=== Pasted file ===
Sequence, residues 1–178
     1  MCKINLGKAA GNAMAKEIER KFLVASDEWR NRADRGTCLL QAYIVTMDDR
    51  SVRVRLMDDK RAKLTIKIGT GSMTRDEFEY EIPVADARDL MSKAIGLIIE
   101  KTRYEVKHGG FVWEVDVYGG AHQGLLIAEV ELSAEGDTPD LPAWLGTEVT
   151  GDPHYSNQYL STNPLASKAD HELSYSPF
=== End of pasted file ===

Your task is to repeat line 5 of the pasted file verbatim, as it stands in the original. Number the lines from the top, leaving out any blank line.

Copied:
   151  GDPHYSNQYL STNPLASKAD HELSYSPF